“Did Hamlet Have an Affair with Ophelia?” “In My Theater Company, Invariably”

John Barrymore? Walter Sichel? William Powell Frith? Anonymous Scene-Shifter? Johnston Forbes-Robertson? Arthur Machen? Cedric Hardwicke? Errol Flynn?

Dear Quote Investigator: The theater world has long been known for complex tempestuous relationships between cast members on and off the stage. One comical tale concerns the ambiguous relationship between Hamlet and Ophelia presented in William Shakespeare’s renowned tragedy.

An inquisitive theatergoer asked a well-known stage manager, “Did Hamlet have an affair with Ophelia?” The manager quickly responded, “In my company, always”.

Would you please explore the history of this tale?

Quote Investigator: In 1923 “The Sands of Time: Recollections and Reflections” by Walter Sichel appeared. The author relayed a story he heard from the painter William Powell Frith who died in 1909. Emphasis added to excerpts by QI: 1

At one time he delighted to go behind the scenes of the theatre and chat with the scene-shifters. One of them appeared very intelligent, and Mr. Frith asked him if he had ever himself been a player. He had, in the provinces. Had he ever acted Shakespeare? Of course he had, he had played in ‘Amlick, he had, indeed, acted the chief part.

“Very interesting,” said Mr. Frith, “please tell me what is your conception of Hamlet’s relation to Ophelia. Did he, so to speak, love her not wisely but too well?“I don’t know, sir, if ‘Amlick did, but I did,” was the unblushing answer.

The key line was delivered by an anonymous thespian who also worked as a member of a stage crew. This family of anecdotes is highly variable in expression; thus, the origin is difficult to trace.

Below are additional selected citations in chronological order.

Continue reading “Did Hamlet Have an Affair with Ophelia?” “In My Theater Company, Invariably”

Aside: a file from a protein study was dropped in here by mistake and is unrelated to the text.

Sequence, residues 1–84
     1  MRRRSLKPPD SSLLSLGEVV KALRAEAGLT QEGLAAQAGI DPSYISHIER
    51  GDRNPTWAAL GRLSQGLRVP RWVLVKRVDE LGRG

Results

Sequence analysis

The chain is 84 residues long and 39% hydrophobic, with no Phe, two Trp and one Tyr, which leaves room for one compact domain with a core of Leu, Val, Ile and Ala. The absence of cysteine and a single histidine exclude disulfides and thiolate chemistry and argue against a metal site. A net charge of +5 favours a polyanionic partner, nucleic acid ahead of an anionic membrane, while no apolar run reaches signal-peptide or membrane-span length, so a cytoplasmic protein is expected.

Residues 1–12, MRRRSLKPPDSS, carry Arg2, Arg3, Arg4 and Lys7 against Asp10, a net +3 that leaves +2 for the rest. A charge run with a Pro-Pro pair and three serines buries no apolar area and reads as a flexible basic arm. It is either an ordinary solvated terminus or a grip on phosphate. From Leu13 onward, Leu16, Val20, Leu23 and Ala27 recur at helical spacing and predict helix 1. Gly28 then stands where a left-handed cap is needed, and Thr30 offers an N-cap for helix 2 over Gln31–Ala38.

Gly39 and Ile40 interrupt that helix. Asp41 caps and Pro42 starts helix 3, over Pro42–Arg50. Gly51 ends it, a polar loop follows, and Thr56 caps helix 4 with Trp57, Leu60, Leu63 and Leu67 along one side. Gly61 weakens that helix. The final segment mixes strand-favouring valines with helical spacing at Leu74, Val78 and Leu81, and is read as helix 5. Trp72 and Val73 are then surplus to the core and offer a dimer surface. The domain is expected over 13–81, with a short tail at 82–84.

1. 1923, The Sands of Time: Recollections and Reflections by Walter Sichel, Chapter 8: Editorship—and After, Quote Page 238, Hutchinson and Company, London, England. (HathiTrust Full View)

You Are My Fifth Favorite Actor. The First Four Are the Marx Brothers

George Bernard Shaw? Winston Churchill? Cedric Hardwicke? Blanche Patch? Leonard Lyons? Apocryphal?

Dear Quote Investigator: According to a Hollywood legend, a famous intellectual or statesman once praised a prominent actor with a left-handed compliment. Here are two versions:

  • You are my fifth favorite actor. The first four are the Marx Brothers.
  • You are my fourth favorite actor. The first three are the Marx Brothers.

The famous person was supposedly George Bernard Shaw or Winston Churchill. The actor was the English star of the stage and screen Cedric Hardwicke. Would you please explore this entertaining tale?

Quote Investigator: Five Marx brothers were involved in the entertainment business; they employed the following stage names: Chico, Harpo, Groucho, Zeppo, and Gummo. The first four appeared in several movies together, but only the first three achieved stardom.

The earliest strong match for the anecdote located by QI appeared in the Hollywood gossip column of Leonard Lyons in 1946. The quotation emerged via a dialog. Emphasis added to excerpts by QI: 1

Sir Cedric Hardwicke, now, co-starring with Katharine Cornell in “Antigone,” starred in some of Shaw’s plays in London. Shaw once told him: “Cedric, you are my fourth favorite actor.” Hardwicke asked: “G. B. S., who are the other three?” And Shaw replied: “The Marx Bros.”

This version referred to three Marx Brothers instead of four. Lyons indicated that he heard the anecdote from Hardwicke, and QI conjectures that Hardwicke constructed this humorous story by altering a comment made by Shaw. This conjecture is based on the 1951 citation given immediately below and the April 17, 1959 citation given further below.

Here are additional selected citations in chronological order.

Continue reading You Are My Fifth Favorite Actor. The First Four Are the Marx Brothers


  1. 1946 March 14, The Dayton Daily News, The Lyons Den: Pauley Turns Ickes Photo To the Wall by Leonard Lyons, Quote Page 11, Column 3, Dayton, Ohio. (Newspapers_com)